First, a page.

Security

New Android spyware can record your voice, take photos with your camera, and steal app data

The Lipizzan spyware family, which can record calls and screenshots, was recently discovered and blocked by Google Security researchers.

Lipizzan, a new spyware family affecting Android devices, is capable of recording through a victim's device microphone, taking photos with their camera, taking screenshots, exfiltrating SMS messages, and stealing data from a long list of apps.

The spyware was originally discovered by security researchers at Google, who detailed their findings in a Wednesday blog post. According to the post, the researchers found out about Lipizzan while they were investigating another spyware called Chrysaor. In Lipizzan's code, they found ties to a cyber arms company called Equus Technologies.

Overall, the Google Security team found 20 Lipizzan apps that were targeted at 100 devices, which seems to indicate that the attackers were looking for specific users. The team has since blocked the apps and their developers, and Google Play Protect has alerted the affected devices, the post said.

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Apps with simple names like "Backup" or "Cleaner" were used to distribute the Lipizzan spyware. Once the app was downloaded, it would install a "license verification" to examine the device for specific criteria before rooting it in order to steal the data, the post said.

If properly initiated, Lipizzan could record calls and VOIP communication, as well as record sounds from the device's microphone. Additionally, the post noted, it could monitor the victim's location, take screenshots, take photos with the camera, find and steal device information, and steal other information like call logs and app data.

The post noted that the following apps were affected by Lipizzan: Gmail, Hangouts, KakaoTalk, LinkedIn, Messenger, Skype, Snapchat, StockEmail, Telegram, Threema, Viber, and Whatsapp.

Because of Android's massive market share, the platform is a constant target for hackers. The availability of multiple app stores to Android users, and the less stringent app review process, have contributed to the rise in malware in Google's mobile ecosystem. This has led some to question whether or not Google will ever be able to fully tackle the malware that plagues Android users.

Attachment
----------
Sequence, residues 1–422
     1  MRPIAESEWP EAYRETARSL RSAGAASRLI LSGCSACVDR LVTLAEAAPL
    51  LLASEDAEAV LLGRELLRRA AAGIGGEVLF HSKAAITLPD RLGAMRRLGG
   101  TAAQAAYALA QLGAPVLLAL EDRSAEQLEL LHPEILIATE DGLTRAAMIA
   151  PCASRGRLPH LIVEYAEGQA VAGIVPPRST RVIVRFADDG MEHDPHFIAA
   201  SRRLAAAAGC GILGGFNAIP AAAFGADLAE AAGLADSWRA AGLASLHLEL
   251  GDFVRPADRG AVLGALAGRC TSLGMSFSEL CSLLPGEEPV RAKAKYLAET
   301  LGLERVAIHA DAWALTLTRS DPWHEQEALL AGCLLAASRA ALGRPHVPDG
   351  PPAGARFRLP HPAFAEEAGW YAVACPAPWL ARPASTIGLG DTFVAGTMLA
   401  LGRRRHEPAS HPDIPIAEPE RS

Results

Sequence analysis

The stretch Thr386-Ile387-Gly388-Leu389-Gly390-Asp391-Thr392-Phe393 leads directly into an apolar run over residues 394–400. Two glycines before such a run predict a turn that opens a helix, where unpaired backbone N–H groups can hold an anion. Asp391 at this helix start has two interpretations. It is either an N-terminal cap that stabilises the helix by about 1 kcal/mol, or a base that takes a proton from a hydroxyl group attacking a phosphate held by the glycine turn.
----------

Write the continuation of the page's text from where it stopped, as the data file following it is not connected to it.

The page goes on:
For users wishing to protect themselves against spyware like Lipizzan, the post recommended opting into Google Play Protect, only using the Google Play store to download apps, keeping "unknown sources" disabled when not in use, and always downloading the latest Android security updates.

The 3 big takeaways for TechRepublic readers

  1. Lipizzan, a new spyware family affecting Android devices, can record a user's voice, take photos with your camera, and steal app data and device information.
  2. Google Security researchers only found 20 apps with Lipizzan, affecting around 100 users in total, suggesting that the spyware was very targeted in its approach.
  3. Malware is a growing threat to Android users, given the open nature of the operating system and its ecosystem.

Also see

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Image: iStockphoto/pixinoo

About Conner Forrest

Conner Forrest is a Senior Editor for TechRepublic. He covers enterprise technology and is interested in the convergence of tech and culture.

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